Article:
'Pink Palace' developer looking at more hotel sites, official says

City official says firm may consider new hotel project

skennedy@bradenton.comAugust 9, 2012 

BRADENTON -- The same company slated to restore the "pink palace" in downtown Bradenton is also looking at other possible hotel sites in the area, a Bradenton official has confirmed.

"They have said that, once they get through, they're very interested in pursuing another site," said Dave Gustafson, executive director of Bradenton's Downtown Development Authority, which is charged with revitalizing the city's downtown.

Gustafson said the company, Widewaters Bradenton LLC, is considering one site in particular, but he declined to specify its location.

With a $15 million restoration of the 1920s-era former Manatee River Hotel slated to start within weeks, company officials have their hands full right now, Gustafson said.

"We are going to continue to market properties to them," he said. "We are not resting on our laurels."

Brian Long, director of development for the company's parent, The Widewaters Group Inc., of Syracuse, N.Y., was unavailable for comment.

A day earlier, the Manatee County Commission OK'd $125,000 in economic incentives to be paid out over three years' time.

It was the final piece of a multi-faceted economic package the Widewaters company received from various sources for renovation of the 1920s former Manatee River Hotel, 309 10th St. W., Bradenton.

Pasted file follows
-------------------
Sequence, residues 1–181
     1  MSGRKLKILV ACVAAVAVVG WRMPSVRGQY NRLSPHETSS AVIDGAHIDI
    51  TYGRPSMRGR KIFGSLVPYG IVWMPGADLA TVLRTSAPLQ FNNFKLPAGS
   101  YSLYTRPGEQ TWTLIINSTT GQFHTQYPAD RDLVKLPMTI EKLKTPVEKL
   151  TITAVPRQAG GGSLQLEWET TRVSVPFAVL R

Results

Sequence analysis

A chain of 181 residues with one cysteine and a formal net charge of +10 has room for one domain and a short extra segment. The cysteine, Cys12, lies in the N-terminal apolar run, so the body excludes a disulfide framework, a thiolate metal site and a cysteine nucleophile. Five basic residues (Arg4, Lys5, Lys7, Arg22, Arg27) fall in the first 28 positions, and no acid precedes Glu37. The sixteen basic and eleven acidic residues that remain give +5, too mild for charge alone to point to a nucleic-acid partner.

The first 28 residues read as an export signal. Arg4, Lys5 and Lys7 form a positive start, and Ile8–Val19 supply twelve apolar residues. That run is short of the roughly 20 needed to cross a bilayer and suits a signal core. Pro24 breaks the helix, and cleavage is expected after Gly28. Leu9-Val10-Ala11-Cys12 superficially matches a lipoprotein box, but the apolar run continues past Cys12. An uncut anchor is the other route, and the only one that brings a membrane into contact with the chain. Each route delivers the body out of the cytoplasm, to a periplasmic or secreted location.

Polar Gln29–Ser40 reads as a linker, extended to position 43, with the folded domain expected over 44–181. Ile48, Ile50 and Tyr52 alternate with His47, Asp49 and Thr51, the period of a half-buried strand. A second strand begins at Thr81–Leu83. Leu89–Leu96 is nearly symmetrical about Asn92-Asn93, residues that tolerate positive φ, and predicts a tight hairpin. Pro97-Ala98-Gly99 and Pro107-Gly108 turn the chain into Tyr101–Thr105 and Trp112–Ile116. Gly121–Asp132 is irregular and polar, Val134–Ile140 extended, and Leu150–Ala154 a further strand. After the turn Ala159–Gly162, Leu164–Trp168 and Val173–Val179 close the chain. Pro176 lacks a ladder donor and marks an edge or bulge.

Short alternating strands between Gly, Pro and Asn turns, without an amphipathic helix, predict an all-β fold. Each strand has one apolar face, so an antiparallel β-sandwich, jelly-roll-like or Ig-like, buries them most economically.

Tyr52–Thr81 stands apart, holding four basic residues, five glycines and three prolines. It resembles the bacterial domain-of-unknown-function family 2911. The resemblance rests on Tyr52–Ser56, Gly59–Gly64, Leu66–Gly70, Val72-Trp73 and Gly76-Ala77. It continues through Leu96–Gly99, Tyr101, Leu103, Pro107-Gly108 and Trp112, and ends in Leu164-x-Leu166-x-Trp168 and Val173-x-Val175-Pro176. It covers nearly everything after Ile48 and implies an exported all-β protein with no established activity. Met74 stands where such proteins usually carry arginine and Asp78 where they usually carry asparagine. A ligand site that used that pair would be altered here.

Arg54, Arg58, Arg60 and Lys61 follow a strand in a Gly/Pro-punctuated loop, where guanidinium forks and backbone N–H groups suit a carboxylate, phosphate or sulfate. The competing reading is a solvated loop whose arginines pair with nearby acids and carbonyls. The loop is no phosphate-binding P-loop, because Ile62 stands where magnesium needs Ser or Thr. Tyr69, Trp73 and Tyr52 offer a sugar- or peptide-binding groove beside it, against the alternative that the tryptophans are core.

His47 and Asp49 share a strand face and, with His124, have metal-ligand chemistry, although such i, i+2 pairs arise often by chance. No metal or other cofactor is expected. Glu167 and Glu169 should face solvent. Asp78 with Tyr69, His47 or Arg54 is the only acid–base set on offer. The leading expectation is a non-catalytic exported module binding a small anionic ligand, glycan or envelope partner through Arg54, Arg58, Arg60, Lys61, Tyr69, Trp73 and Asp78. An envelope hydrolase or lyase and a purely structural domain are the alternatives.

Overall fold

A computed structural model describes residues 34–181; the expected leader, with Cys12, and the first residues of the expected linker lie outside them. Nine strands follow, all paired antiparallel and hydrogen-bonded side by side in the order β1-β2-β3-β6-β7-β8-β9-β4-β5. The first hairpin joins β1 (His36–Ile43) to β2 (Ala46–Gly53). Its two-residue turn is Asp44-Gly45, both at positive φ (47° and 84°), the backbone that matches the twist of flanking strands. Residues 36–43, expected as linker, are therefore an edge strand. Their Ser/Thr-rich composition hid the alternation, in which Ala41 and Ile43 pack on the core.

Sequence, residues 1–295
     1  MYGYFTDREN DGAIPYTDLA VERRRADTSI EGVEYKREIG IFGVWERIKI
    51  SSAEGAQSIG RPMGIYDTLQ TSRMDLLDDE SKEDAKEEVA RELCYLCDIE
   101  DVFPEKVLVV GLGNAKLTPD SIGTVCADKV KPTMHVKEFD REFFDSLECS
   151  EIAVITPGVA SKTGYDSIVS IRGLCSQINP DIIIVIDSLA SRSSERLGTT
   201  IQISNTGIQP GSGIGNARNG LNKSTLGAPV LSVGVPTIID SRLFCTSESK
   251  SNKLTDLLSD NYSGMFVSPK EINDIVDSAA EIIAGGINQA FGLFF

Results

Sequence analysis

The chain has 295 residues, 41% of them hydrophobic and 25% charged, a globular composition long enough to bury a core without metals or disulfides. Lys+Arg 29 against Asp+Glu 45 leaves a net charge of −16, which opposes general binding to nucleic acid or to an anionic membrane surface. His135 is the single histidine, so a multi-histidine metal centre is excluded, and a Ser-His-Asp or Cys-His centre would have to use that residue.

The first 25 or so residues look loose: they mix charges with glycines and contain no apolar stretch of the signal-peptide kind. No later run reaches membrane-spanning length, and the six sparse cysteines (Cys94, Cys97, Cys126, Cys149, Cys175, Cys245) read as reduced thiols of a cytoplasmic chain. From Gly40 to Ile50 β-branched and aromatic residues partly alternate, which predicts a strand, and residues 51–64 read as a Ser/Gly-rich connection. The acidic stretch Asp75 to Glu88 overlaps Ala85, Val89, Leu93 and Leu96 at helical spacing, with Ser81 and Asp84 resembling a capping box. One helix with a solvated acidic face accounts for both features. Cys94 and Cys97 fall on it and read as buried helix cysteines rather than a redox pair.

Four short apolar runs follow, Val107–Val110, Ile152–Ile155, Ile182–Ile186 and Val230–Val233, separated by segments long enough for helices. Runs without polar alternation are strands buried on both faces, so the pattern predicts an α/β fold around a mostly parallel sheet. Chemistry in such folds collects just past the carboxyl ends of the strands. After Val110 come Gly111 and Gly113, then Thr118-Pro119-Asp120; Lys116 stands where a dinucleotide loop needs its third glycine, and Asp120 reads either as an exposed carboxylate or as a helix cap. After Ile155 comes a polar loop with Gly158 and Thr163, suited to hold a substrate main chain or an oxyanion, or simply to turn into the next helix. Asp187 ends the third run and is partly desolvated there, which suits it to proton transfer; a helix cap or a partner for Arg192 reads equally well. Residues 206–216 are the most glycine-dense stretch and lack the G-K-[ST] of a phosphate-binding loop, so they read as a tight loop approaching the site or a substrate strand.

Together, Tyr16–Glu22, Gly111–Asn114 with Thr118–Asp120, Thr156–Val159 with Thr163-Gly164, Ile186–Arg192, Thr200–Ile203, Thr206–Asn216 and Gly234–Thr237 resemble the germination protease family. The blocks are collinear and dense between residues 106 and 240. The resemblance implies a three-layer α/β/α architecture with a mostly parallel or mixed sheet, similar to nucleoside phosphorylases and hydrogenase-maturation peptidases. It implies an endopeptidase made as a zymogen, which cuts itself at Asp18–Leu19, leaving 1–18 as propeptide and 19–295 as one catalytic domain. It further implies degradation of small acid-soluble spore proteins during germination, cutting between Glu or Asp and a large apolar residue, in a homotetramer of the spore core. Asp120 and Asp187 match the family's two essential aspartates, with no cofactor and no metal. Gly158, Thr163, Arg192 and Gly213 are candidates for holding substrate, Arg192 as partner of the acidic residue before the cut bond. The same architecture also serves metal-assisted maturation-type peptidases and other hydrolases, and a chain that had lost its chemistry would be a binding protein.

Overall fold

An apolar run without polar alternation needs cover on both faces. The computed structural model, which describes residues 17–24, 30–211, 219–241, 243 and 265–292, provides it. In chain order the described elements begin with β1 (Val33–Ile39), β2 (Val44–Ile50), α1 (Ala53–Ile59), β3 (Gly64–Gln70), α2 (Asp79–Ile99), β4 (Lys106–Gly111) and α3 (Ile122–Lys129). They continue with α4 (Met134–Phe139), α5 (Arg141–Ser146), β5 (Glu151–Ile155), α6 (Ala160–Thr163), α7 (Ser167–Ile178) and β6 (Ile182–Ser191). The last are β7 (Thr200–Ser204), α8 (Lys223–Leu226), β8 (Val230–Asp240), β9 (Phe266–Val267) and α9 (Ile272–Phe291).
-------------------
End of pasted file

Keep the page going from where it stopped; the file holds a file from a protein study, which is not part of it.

Construction is expected to start about Sept. 1.

"We are very excited about the development of the Widewaters hotel in downtown Bradenton, and very happy to be a partner of that hotel," said Karen Stewart, county economic development manager.

She predicted it would improve the downtown area as a destination where people could come and stay, and enjoy many new amenities downtown.

"It's part of the energy created through the Riverwalk, development of the downtown, the Village of the Arts and other amenities," said Stewart.

Once Widewaters' Hampton Inn & Suites Hotel is completed next year, it will be easier to market Bradenton to upscale leisure visitors who will stay downtown and commute to the beaches, said Elliott Falcione, executive director of the Bradenton Area Convention & Visitors Bureau.

"Bradenton now has amenities for the visitor to enjoy, other than sugar sand beaches," said Falcione. "It diversifies our business.

"We would love nothing more than for them to expand their horizons in our community, once the pink palace project is complete."

Sara Kennedy, Herald reporter, can be reached at 941-745-7031.

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